In the analysis presented in the previous sections, for most of the events studied here, rather than a skewed profile (i.e., k = 1), a top-loaded (k = 8) TSP with multiple maxima due to the temporal evolution of the MER is the most likely reason for sedimentation from the lower parts of the plume. This creates distinct total TSPs for the four eruptive types characterized by the MER temporal evolution (types A–D; Sect. “Criteria for chosen eruptions”).

A comparison of the typical total TSP with k = 8 with the TSP at the eruption onset (dashed line) is shown in Fig. 13. Type A eruptions show one main concentration maximum, meaning that the total TSP is almost identical to the initial profile (46% of events; first row in Fig. 13). Type B eruptions show two maxima at altitudes similar to those in the original TSP (28% of events; second row in Fig. 13). Type C eruptions show an additional distinctive maximum near the surface with lower or equal magnitude to the initial distribution (13% of events; third row in Fig. 13). Finally, for type D eruptions, particles segregate at a wide range of altitudes between the maximum plume height and the surface (13% of events; fourth row in Fig. 13). Type A is the typical profile of an explosive phase of the eruption. The profiles for types B, C, and D include particle segregation at an altitude lower than the maximum plume height, indicating the existence of quasi-steady particle emission with a lower plume height and long duration, or multiple explosions with different MER and plume heights.

Fig. 13
figure 13

Comparison between mass distribution profiles for total TSPs (solid lines) and initial TSPs (dashed lines) for k = 8 for ae total TSP almost identical to initial TSP (type A), fj total TSP with large mass fraction of particles segregating from a quasi-steady plume (type B), ko total TSP with large mass fraction of particles segregating from a fading explosive plume or repeated explosive plumes, and pt total TSP with characteristics of types B and C. The y-axis is the segregation height with intervals of 0.5 km

Note that despite the use of a single value for k for all of the profiles shown here (k = 8), the effective maximum for the total TSP is reduced for type B and D eruptions (e.g., Fig. 13h, i, r, s, t). This shows that even for a fixed value of k, accounting for the temporal evolution of the MER can replicate the impact of a lower k.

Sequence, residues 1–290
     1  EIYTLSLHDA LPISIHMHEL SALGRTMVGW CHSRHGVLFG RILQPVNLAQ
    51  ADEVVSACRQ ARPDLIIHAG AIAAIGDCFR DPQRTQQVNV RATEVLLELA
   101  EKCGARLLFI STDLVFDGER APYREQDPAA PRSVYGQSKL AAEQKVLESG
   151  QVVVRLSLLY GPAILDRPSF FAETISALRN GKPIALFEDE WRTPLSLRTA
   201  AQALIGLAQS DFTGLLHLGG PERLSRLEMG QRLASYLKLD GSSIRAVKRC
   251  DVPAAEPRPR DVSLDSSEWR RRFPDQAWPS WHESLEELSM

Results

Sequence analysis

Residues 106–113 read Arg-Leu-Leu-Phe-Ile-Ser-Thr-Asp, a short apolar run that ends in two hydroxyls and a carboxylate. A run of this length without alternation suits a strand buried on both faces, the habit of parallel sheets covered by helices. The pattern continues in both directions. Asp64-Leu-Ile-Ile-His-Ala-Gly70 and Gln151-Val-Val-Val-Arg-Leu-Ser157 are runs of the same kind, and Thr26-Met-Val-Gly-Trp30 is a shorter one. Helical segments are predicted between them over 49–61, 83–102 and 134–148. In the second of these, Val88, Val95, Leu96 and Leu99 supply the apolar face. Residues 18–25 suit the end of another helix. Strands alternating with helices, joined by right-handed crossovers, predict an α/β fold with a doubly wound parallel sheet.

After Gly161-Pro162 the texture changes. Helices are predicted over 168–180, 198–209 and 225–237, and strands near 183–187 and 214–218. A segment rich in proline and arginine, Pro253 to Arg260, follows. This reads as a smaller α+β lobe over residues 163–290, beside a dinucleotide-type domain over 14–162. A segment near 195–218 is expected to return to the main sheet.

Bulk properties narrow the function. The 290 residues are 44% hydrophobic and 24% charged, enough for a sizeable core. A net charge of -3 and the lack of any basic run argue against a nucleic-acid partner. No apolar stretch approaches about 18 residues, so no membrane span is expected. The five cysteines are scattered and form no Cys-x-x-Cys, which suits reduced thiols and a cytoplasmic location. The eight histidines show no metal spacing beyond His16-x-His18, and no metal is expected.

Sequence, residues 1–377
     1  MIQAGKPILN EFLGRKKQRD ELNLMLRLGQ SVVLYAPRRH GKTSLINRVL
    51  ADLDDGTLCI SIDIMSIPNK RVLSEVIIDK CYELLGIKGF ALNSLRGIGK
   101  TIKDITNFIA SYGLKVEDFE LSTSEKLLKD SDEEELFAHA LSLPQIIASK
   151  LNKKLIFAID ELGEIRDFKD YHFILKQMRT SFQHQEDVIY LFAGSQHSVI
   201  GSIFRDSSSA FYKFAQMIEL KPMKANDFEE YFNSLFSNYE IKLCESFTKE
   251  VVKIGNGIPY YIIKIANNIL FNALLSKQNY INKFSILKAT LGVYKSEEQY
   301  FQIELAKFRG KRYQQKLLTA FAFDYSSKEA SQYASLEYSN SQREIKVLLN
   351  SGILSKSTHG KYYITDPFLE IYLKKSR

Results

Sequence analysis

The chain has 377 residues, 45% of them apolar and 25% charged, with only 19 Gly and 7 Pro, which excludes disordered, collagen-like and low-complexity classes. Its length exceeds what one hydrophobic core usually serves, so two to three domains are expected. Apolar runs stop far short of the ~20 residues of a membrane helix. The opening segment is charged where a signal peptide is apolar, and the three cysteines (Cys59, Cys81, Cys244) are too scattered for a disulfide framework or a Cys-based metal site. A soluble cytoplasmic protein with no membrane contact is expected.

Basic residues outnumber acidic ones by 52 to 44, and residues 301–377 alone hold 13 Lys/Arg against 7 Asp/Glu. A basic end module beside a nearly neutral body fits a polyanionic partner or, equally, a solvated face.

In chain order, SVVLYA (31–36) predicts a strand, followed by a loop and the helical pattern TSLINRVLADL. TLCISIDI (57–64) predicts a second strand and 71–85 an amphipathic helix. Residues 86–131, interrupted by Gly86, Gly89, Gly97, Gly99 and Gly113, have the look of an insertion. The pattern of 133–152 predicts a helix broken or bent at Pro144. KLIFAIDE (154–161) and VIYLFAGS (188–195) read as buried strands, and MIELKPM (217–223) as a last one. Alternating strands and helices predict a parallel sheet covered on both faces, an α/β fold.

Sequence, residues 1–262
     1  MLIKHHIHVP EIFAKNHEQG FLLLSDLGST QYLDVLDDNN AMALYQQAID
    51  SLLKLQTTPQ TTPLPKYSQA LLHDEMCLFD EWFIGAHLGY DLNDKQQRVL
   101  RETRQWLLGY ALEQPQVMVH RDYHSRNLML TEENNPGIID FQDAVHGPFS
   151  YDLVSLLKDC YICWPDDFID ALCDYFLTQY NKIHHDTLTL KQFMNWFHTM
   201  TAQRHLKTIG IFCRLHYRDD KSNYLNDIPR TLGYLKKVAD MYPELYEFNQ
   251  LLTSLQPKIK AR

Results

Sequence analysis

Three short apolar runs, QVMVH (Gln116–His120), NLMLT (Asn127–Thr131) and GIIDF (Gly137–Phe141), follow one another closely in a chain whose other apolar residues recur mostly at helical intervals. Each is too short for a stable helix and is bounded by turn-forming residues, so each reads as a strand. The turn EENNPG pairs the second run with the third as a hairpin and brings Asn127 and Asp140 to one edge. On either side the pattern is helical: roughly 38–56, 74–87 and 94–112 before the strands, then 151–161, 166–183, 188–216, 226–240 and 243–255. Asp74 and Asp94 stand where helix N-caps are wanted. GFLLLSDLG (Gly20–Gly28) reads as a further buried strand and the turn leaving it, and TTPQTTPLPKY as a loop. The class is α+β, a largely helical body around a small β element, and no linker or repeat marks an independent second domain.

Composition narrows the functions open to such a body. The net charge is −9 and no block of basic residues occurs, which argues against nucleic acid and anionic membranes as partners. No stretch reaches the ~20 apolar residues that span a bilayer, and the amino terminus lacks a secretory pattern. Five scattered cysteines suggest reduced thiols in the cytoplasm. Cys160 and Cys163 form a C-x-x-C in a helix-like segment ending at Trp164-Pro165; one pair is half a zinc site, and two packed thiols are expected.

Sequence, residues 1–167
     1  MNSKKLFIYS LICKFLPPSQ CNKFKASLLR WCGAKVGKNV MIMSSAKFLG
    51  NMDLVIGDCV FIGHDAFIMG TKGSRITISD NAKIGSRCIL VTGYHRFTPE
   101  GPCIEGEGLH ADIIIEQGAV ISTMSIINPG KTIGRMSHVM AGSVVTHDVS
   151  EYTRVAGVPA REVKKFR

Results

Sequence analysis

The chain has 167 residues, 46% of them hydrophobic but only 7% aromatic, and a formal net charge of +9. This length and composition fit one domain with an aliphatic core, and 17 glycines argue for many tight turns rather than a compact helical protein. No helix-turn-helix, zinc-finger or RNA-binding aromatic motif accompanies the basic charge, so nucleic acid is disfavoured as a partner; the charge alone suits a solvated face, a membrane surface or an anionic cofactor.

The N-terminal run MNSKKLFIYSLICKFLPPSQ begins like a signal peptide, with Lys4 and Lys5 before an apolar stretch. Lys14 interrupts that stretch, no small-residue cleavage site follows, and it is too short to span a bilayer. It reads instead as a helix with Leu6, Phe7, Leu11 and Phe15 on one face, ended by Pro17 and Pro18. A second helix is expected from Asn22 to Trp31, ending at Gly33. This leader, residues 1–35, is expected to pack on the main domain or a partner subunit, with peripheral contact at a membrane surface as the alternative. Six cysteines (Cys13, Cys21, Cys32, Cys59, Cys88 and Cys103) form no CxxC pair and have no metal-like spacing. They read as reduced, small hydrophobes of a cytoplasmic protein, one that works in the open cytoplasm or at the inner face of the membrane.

Parameter for constraining TSP

The main objective of this study was to understand tephra sedimentation that occurs at a height below the maximum plume height. Two factors were examined, namely the sensitivity of the simulation results to the k value and the impact of the temporal evolution of the TSP. Accounting for changes in the MER for a given k value was found to lead to realistic total TSPs with multiple maxima.

Allowing for a temporally evolving TSP enabled us to characterize the total TSP based on the underlying activity, namely single explosion, quickly repeated explosions, smooth reduction of the MER during the eruption, or the formation of a quasi-steady plume. Of the four types, a typical TSP with tephra segregation at the top of the plume (corresponding to a single explosion) was common but represented less than half of the events under study. All other TSPs featured a primary or secondary maximum beneath the plume height. This is similar to the situation observed for Plinian eruptions, which have larger magnitudes and less temporal variation in plume height, and perhaps top-concentrated TSPs can reproduce TSPs estimated from observations (Fero et al. 2008, 2009; Mannen 2014; Cao et al. 2021) by considering the temporal changes in plume height with a high temporal resolution.

A k value of 8 was optimal for 33 of the 39 events studied, suggesting that for each eruption phase, almost all particles segregate at the top. This profile is consistent with ones given in previous studies (Schwaiger et al. 2012; Hurst and Davis 2017; Trancoso et al. 2022). Suzuki (1983) suggested that larger particles segregate from the lower part of the plume than smaller particles, but such a trend is not seen in our results. One possible reason for this may be that the range of k is shorter than the interval of the choices of k in this study. Such suggestions have also been made in previous studies based on 1D plume modeling. Ernst et al. (1996) and Girault et al. (2014) gave a fundamental assumption that the mass of the segregated particles per height is proportional to the terminal velocity of the particle (Eq. (1) and Eq. (9) respectively), but the resulting TSP was such that most of the particles segregate from the top of the plume.